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What Secrets Does Tehran Museum of Contemporary Art Hold?

  • Tehran Museum of Contemporary Art
November 18, 2015
Anika Dačić graduated in Comparative Literature and Literary Theory from the Faculty of Philology in Belgrade and is currently pursuing MA in Literary and Cultural Studies. Her interests lie in social and cultural aspects of contemporary art production and she especially enjoys writing about street and urban art. Likes to knit, play adventure video games and host quiz nights at a local bar.

After the Islamic revolution in 1979, one of the largest and most valuable collections of modern Western art has been locked in a storage, condemned to live in the darkness of the Tehran Museum of Contemporary Art vault. The collection of 1500 works by basically any significant artist from 1980’s to 1970’s became a myth over the last four decades, as nobody was able to see the masterpieces in years after the revolution. However, things are about to change and some of these works will finally see the light of day. It was recently announced that sixty pieces from the collection will travel to Berlin next fall and for three months European public will be able to enjoy some of the most important modern art pieces.

Tehran Museum iran park data, exhibition, home, new, policy, privacy, culture
Jackson Pollock – Mural on Indian Red Ground, 1950, detail. Courtesy of WikiArt

The Sad History of Tehran Museum of Contemporary Art

Tehran Museum of Contemporary Art opened in 1977 and it served as a host of some of the most precious works of Western modern art acquired by the Pahlavi family. At the time of global art market depression, the Iranian emperors obtained a significant line of artworks. The love for Western art supported the late Shah’s regime aims and its liberalistic orientation, which resulted in the forming of the largest collection of Western art outside of Europe and the United States. The fame of the art collection valued at approximately $3 billion was short lived. Ayatollah Ruhollah Khomeini’s rise and the change of the regime in Iran decided the fate of the museum and the works. The Islamic fight against “westoxification” deemed the collection as sacrilegious and two years after the museum opening the works were hidden from the public, disappearing into the basement.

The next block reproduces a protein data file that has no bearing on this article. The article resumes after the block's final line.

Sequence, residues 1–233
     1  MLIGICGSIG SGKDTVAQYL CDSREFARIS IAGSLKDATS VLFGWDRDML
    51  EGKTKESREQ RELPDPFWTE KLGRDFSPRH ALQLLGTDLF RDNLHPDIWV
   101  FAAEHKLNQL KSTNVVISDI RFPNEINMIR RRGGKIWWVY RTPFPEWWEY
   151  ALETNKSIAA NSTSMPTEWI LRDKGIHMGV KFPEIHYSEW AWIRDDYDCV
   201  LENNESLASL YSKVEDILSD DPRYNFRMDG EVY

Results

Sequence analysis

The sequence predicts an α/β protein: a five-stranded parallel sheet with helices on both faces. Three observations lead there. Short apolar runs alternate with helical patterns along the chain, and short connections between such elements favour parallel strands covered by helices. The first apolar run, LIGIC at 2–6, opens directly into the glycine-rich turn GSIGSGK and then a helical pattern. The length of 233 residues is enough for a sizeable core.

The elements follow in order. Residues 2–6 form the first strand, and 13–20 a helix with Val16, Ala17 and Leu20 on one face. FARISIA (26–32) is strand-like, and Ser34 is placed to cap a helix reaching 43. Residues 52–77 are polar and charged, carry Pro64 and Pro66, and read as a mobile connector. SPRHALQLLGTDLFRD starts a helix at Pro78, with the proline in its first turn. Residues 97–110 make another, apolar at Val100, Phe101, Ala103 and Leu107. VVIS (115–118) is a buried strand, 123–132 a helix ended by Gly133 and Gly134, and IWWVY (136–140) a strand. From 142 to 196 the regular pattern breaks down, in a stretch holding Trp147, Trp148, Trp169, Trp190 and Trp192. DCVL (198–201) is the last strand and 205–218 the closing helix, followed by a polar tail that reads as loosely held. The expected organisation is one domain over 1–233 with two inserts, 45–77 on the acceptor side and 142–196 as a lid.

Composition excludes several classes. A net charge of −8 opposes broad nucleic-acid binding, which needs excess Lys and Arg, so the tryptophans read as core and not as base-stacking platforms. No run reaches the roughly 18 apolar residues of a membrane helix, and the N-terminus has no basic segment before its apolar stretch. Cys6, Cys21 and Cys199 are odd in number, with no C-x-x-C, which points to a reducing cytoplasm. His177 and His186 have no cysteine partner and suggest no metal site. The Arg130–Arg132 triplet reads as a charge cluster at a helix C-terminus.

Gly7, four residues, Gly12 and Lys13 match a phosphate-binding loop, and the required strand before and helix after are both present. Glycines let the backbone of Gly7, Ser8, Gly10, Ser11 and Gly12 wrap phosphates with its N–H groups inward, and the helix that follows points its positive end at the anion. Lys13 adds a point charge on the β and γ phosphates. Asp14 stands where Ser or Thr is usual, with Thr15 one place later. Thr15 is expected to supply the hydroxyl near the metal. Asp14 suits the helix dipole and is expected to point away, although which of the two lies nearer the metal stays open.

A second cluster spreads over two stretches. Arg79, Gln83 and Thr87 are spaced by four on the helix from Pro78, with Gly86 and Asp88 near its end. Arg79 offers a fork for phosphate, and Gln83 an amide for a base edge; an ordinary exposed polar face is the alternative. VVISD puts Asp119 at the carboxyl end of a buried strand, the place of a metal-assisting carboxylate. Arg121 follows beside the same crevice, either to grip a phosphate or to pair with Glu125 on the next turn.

Tehran Museum iran park data, exhibition, home, new, policy, privacy, culture
Left: Andy Warhol – Suicide (Purple Jumping Man), 1963 / Right: Max Ernst – Capricorn, 1948

What is Hidden in the Museum Vault?

Fortunately, after the change of the regime the collection remained unharmed to the general surprise. Except one of de Kooning’s nudes which was exchanged back in 1994 for the Shahnama, a 400-year-old book of miniatures, the rest of the collection remained intact. As mentioned before, the collection comprises 1500 works from the late 19th and early 20th century from Claude Monet, Picasso, René Magritte to Francis Bacon, Roy Lichtenstein and Andy Warhol among many other prominent names. Some of the crowned jewels of the collection are Jackson Pollock’s painting Mural on Indian Red Ground, one of his largest and most praised works, along with the pair of Mark Rothko’s wall-size paintings, each valued between $100 million to $200 million and Paul Gauguin’s Still Life With Japanese Woodcut, a piece that Japanese collectors were so eager to obtain, that they even offered a blank check for it. The exquisite collection is often one of the reasons why some art connoisseurs proclaimed the Tehran Museum of Contemporary Art a modern-art gold mine.

Tehran Museum iran park data iran, exhibition, home, new, policy, privacy, culture
Left: Mark Rothko, Sienna, Orange and Black on Dark Brown, 1962 / Right: Mark Rothko, No. 2 (Yellow Center), 1954

Tehran Collection on View Overseas

After the death of Khomeini, some of the artworks from the collection were displayed in pop-up shows over the years at the Tehran Museum of Contemporary Art. The museum directors and curators were also careful not to display any works that featured nudity and homosexual connotations. It is one of the reasons why in 2005 Bacon’s triptych, Two Figures Lying on a Bed With Attendants was taken down quickly after the show’s opening. In the last three years, however, the trend slightly changed due to the liberal shifts in the Iranian political climate. Tehran Museum saw the increasing number of Western art exhibitions, and there are plans to put the pieces on display outside of Iran, establishing collaborations between Iranian cultural institutions and those abroad. It is recently confirmed that sixty works from the collection, along with works by the Iranian artists, will travel to Berlin in fall 2016. It is the first time any artwork from the museum will be exhibited outside of Iran, but it still isn’t announced which pieces will be on loan.

The interest in Tehran Museum collection is strong now, as it was in the past decades when many influential institutions were trying to negotiate loans and to obtain artworks from the hidden collection. The Berlin exhibition triggered the line of speculations whether the works from the collection will travel to the US next, but nothing is yet confirmed. In the end, I think we can agree that the emergence of these artworks from the cellar is an extraordinary thing, which will finally reestablish the path of the museum hindered by the revolution.

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Featured image: Andy Warhol – Mao Zedong series of portraits in the museum vault. Photo via